go to National Review

Sunday, October 9, 2016

Obama Lets Putin Get Away With Anything Except Attacking Democrats

It remains to be seen whether Obama, Clinton, and their followers will make an exception in this case and take measures that cause Putin and his Kremlin gang real pain? I have a long list: Obama’s treasury can leak the details of Putin’s hidden wealth and that of his inner circle. Obama can use the Congressional approval he already has in his pocket to supply lethal weapons to Ukraine. He can propose increases in defense spending and the bucking up of NATO. How about rejuvenating Radio Free Europe and Radio Liberty to counter his propaganda to the Russian people?


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Wednesday, October 5, 2016

Wikileaks Fails To Deliver An October Surprise As Hillary Says To Worry About Putin's Meddling

The massive email cache that Hillary ordered destroyed almost a year ago remains one of the last great mysteries of her email scandal. These very documents may be in the possession of foreign powers, and may contain harmful, embarrassing, or incriminating materials that have thepotential to alter the outcome of the 2016 election or her conduct as US President. My analysis suggests that emails concerning the Clinton Foundation were automatically classified as “personal.” “Inner sanctum” emails exchanged among clintonmail.com users were likely classified as “personal” as well. Both categories would have been destroyed when the 33,000 personal emails were wiped clean. There is no evidence that any of them have been recovered by forensic means.


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Thursday, September 29, 2016

Why Putin Will Never Accept Blame Even Though Russia's Downing of MH17 Was By Mistake

Putin can never admit that a Russian crew shot down MH17 with a Russian missile fired from rebel-occupied territory in Ukraine. To do so would tear to pieces the Kremlin’s alternative-universe narrative of the Russian-Ukraine War. Yes, it should be called a war between Ukraine and Russia. That is what it is, but Russia has somehow positioned itself as a peace maker between warring sides. What a disaster of Western diplomacy!

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Wednesday, September 21, 2016

Putin Puts An End To Electoral Politics In Russia

The Sunday September 18 election for the Russian parliament has given Vladimir Putin another pro-Putin parliament (Duma) to routinely rubber-stamp his most ludicrous and repressive legislation. His United Russia party gained a majority (54 percent according to preliminary results). No opposition party crossed the five percent hurdle; instead, the reliable Communist (13 percent), Liberal Democrat (13 percent), and Just Russia Parties (6 percent) will join United Russia in the new Duma. Only sixteen candidates from the so-called small parties gained seats in regional parliaments. In a word: The Duma election was a total wipeout of legislative opposition in Putin’s Russia. This is no big deal in itself because the legislative branch has little power, but the election signaled the end of hope for change through elections in Russia. Palace coups or the streets are the only remaining options of the Russian people.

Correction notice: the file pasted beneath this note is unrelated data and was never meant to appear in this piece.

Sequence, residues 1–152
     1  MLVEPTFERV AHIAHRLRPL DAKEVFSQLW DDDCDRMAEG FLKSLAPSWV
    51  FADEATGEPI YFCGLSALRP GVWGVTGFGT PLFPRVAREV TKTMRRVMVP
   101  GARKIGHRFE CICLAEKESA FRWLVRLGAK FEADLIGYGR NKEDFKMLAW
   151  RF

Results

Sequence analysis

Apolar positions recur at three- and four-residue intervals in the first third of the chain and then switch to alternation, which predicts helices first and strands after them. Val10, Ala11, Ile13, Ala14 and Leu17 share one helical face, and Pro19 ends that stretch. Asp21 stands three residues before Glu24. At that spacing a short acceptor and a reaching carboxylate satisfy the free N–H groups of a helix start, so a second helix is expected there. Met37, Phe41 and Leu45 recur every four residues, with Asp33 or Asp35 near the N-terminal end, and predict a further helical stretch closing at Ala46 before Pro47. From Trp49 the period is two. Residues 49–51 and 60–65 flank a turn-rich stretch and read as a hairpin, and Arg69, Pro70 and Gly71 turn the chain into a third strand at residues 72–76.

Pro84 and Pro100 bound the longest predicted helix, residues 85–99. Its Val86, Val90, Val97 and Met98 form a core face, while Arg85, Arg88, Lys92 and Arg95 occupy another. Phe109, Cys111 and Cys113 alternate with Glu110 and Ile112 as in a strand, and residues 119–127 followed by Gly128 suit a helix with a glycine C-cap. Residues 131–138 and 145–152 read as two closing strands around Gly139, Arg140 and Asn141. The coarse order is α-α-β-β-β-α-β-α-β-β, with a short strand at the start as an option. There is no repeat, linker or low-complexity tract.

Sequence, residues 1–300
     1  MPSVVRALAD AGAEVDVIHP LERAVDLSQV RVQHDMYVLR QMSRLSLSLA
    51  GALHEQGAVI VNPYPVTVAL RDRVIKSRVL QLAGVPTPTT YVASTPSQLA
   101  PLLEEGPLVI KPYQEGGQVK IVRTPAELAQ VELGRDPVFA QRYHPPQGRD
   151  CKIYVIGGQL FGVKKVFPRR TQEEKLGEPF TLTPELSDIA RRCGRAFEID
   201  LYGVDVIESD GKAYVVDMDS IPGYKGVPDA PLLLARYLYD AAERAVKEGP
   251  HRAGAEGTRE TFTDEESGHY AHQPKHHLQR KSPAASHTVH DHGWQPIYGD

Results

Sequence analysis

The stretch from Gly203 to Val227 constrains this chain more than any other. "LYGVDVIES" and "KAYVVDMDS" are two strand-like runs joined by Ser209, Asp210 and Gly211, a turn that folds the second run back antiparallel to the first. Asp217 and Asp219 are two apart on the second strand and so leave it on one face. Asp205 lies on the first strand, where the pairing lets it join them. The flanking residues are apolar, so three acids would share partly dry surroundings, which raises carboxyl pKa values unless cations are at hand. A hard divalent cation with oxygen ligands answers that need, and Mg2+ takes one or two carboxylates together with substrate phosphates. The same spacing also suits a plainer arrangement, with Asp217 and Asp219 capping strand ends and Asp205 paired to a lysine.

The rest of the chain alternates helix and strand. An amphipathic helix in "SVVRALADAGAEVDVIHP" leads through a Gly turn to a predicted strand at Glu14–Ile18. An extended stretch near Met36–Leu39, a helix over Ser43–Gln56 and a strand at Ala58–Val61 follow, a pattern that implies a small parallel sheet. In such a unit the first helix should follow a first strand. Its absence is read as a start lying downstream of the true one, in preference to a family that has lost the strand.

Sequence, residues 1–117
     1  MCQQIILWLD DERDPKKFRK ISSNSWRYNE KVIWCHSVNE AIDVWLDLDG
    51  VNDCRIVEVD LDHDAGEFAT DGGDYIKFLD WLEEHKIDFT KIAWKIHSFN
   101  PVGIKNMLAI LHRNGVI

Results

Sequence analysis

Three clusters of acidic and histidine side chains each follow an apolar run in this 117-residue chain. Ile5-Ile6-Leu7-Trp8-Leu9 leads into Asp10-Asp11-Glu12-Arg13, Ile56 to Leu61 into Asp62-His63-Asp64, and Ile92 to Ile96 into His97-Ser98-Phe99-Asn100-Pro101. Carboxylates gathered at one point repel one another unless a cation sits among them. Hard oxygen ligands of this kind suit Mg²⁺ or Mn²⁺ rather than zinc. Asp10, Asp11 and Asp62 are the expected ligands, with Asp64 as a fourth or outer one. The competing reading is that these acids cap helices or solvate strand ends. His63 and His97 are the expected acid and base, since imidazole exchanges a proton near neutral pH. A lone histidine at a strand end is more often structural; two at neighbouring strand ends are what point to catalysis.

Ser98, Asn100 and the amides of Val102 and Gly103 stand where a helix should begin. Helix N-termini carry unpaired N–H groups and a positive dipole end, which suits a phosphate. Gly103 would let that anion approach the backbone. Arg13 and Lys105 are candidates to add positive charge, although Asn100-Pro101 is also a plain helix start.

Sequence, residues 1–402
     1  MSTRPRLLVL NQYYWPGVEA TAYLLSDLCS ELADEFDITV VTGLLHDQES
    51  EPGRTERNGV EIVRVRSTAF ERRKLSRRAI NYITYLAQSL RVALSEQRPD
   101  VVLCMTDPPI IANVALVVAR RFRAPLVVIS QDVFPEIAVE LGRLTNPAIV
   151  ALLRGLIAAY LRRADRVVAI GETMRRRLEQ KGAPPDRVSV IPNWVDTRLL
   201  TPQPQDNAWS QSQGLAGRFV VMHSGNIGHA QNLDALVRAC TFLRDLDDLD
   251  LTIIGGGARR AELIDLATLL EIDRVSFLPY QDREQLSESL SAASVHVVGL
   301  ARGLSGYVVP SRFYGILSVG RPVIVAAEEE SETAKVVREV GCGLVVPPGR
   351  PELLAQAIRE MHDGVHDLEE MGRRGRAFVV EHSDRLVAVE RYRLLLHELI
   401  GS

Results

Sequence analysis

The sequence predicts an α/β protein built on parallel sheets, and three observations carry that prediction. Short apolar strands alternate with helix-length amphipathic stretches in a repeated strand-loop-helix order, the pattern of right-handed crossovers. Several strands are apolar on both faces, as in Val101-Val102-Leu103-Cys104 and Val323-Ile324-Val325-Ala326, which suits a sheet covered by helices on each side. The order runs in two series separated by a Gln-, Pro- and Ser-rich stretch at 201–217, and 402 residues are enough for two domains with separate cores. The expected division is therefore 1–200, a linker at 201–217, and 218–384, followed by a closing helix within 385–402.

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Sunday, September 18, 2016

An Open Letter To Donald Trump Regarding His Fondness For Vladimir Putin

Dear Mr. Trump: As someone who has studied Russia for a half century, I’d like to respond to each of the five main points concerning Vladimir Putin and Russia you made at NBC’s “Commander-in-Chief Forum“ on September 7. Some make eminent sense; others reflect a lack of understanding of Putin’s Russia. What follows are your five points, followed by my comments. (You did not speak about point six, but I add that anyway).


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Saturday, September 10, 2016

Hillary Delivers Self-Inflicted Wound with “Deplorables” Comment

To label 60 million Trump supporters as potential racists, sexists, homophobes, xenophobes. Islamophobes and whatever new “phobes” Clinton can come up with represents one of the greatest gaffes of American electoral history. It was supposed to be Trump to commit such an error, not the super-experienced Hillary.

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Wednesday, September 7, 2016

Putin Shuts Down Last Russian Independent Pollster In Anticipation of Russian and US Election

Putin plans his sweetest revenge for Hillary Clinton’s criticism of Russian “democracy” in 2011 and 2012, when she berated Putin for his phony parliamentary and presidential elections. With the hack of the Democratic National Committee (presumably by Russian cyber-attackers or subcontractors), he can now argue that the upcoming Russian parliamentary elections are as pure as the driven snow. After all, 14 parties are running their candidates. They have been allowed to debate on Russian TV (one was even allowed to call for Putin’s impeachment).

Putin will say: What a contrast to the flawed and crooked U.S. election. He will cite the DNC papers describing the party’s official campaign to favor Hillary Clinton and destroy the candidacy of the upright and honest Bernie Sanders. Putin can cite the “pay for play” politics of the Clintons and dare them to criticize Russia’s honest business men, when the King and Queen of corruption are none other than the Clintons themselves.



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Tuesday, September 6, 2016

Russian Combat Medals Put Lie To Putin's Claim Of No Russian Troops In Ukraine